Joint ASPN/ASN Statement sent to the House Oversight Committee criticizing the ending of the deferred medical action policy for immigrants

By ASN Staff

On Monday September 2nd, the Trump Administration announced a change to a policy that allowed immigrants to receive a temporary reprieve from deportation while receiving life-savings medical care in the US. In a joint statement from the American Society of Nephrology (ASN) and the American Society of Pediatric Nephrology (ASPN), the societies raised concerns about this the decision due to the harmful effect it will have on immigrants—children, their families, and adults—currently on dialysis treatment in the US.

US Citizenship and Immigration Services (USCIS)mailed letters to an unspecified number of people in mid-August informing them of the ending of the “medical deferred action” policy, meaning that in 33 days all those who had previously received a decision by Immigration and Customs Enforcement (ICA) or a judge to temporarily not be deported because they met medical or financial hardship criteria, must leave the country.

Kidney News Online spoke with Dr. Scott Bieber, who is a nephrologist at a Seattle, Washington hospital, and the chair of the ASN Quality Committee. He currently treats around 20 undocumented immigrants with kidney failure with life-sustaining dialysis treatments and he expressed that if these patients were deported, it would almost certainly be a death sentence. “They would be returning to countries where either dialysis care is not available or they do not have the financial resources to afford dialysis. Many of them would not even qualify for social/medical programs in their birth countries because they have lived in the US for so long. None of these patients are immigrants that developed kidney failure and then immigrated to the US. In fact, they are all young, working age adults who often have been working and raising families in the US for decades and some do not even know or remember their birth country,” said Dr. Bieber.

CBS News reported that USCIS has said it has received about 1,000 deferred action requests a year, but that the "majority" have been denied. Going forward, USCIS said it will defer to Immigration and Customs Enforcement (ICE) so that agency can determine whether to grant non-military deferred action.”

Immigrant advocates as well as more than 100 Congressional Democrats have issued criticism regarding the change in policy.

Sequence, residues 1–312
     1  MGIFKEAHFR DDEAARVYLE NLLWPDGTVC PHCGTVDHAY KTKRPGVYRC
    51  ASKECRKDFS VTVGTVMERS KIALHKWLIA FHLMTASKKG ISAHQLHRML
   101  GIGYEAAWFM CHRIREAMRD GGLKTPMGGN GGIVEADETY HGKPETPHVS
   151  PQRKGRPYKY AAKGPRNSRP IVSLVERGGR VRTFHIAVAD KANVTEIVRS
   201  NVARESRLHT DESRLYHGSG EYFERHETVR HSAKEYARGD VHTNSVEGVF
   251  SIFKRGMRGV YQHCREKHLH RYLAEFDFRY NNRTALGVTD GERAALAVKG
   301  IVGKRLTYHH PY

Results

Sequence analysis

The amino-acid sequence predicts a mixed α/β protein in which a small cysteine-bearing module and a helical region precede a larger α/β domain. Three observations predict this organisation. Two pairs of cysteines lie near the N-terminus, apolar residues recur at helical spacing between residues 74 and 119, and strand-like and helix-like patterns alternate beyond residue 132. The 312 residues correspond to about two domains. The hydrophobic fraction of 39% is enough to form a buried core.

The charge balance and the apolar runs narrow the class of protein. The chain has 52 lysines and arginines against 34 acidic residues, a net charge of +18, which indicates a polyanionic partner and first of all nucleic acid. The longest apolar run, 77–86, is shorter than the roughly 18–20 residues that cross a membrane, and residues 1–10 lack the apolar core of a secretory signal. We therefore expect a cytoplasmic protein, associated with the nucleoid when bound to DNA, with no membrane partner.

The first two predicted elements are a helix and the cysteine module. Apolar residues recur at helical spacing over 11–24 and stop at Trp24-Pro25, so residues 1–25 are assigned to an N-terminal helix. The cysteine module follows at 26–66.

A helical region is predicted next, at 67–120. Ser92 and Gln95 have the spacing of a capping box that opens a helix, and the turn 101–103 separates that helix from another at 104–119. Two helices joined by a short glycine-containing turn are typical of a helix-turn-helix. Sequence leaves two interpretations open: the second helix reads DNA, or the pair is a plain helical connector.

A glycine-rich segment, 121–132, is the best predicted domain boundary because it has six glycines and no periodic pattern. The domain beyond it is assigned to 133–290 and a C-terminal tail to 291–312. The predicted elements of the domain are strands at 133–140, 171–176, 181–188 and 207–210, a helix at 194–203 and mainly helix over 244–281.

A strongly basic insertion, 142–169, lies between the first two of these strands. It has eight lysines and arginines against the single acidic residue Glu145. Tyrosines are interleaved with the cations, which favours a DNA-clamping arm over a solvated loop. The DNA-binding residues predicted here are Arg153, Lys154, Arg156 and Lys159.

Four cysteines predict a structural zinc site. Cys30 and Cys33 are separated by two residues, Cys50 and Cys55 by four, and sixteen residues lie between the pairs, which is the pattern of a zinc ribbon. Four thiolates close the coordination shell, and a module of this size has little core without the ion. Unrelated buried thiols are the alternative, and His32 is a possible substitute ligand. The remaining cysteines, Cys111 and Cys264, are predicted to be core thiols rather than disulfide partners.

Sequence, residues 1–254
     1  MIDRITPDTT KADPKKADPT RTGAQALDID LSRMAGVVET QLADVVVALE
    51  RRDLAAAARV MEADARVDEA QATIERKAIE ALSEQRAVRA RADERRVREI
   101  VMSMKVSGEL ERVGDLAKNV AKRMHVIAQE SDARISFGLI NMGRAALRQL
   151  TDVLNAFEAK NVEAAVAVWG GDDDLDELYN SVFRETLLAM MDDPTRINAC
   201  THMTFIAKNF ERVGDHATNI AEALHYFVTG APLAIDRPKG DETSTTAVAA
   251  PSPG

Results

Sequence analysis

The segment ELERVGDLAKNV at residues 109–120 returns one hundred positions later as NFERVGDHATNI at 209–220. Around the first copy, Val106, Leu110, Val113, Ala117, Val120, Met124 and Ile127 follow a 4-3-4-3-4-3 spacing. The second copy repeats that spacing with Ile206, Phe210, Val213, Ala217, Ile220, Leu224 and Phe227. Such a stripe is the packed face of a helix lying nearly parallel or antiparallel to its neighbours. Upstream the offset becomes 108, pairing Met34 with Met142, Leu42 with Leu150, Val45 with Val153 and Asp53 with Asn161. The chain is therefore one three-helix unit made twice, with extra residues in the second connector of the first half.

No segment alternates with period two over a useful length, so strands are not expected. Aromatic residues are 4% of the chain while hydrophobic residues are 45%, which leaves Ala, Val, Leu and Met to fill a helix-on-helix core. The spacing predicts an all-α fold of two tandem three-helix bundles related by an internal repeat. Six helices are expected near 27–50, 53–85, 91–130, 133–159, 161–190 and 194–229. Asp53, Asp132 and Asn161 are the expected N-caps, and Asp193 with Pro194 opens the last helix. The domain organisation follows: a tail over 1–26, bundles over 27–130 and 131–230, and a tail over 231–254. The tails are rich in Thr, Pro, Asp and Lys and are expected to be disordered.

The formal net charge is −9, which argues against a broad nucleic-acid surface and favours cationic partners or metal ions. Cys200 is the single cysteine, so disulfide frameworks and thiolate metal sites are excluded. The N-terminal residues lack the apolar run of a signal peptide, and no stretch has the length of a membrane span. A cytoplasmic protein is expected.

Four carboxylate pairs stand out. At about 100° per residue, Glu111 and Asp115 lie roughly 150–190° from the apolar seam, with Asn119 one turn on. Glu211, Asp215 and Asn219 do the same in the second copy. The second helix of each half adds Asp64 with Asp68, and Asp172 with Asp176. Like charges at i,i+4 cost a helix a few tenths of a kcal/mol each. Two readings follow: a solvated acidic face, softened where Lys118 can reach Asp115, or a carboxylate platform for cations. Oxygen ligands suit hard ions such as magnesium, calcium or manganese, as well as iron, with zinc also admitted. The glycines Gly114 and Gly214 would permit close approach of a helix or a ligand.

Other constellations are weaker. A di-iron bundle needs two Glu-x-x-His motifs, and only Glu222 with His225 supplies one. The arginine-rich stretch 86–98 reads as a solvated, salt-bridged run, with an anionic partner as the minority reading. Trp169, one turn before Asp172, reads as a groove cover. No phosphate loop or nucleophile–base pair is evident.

“Pediatric nephrologists are unique in that they provide care to children covered by both Medicare and Medicaid, and limiting access to end-stage renal disease (ESRD) care will be catastrophic for these children. Similarly, more than 40 percent of the adults receiving ESRD care in the Medicare program, treated by adult nephrologists are dual-eligible for Medicaid. We are concerned that the final public charge rule will cause patients and families to disenroll from or avoid critical health programs and services that they are otherwise eligible to receive. Furthermore, ending the Medical Deferral Program will harm children who need lifesaving care such as dialysis for kidney failure, many of whom face certain death if forced to return to areas of the world without the resources for such treatment. This arbitrary policy change jeopardizes the patient-provider relationship, prohibiting nephrologists treating both children and adults from providing medically-necessary and life sustaining care.

The statement continues, “we urge the Administration to reverse the public charge final rule and the changes to the Medical Deferral program, which will both carry serious consequences for the health of the children and adults we treat as well as their families”.

The House Oversight Committee is conducting a hearing on this issue on Wednesday, September 11. Stay tuned to Kidney News Online for further coverage.

Please see the full text of the joint ASPN/ASN statement.

 

Resources:

https://www.cbsnews.com/news/medical-deferred-action-trump-administration-will-process-some-deferred-deportation-requests-from-sick-immigrants/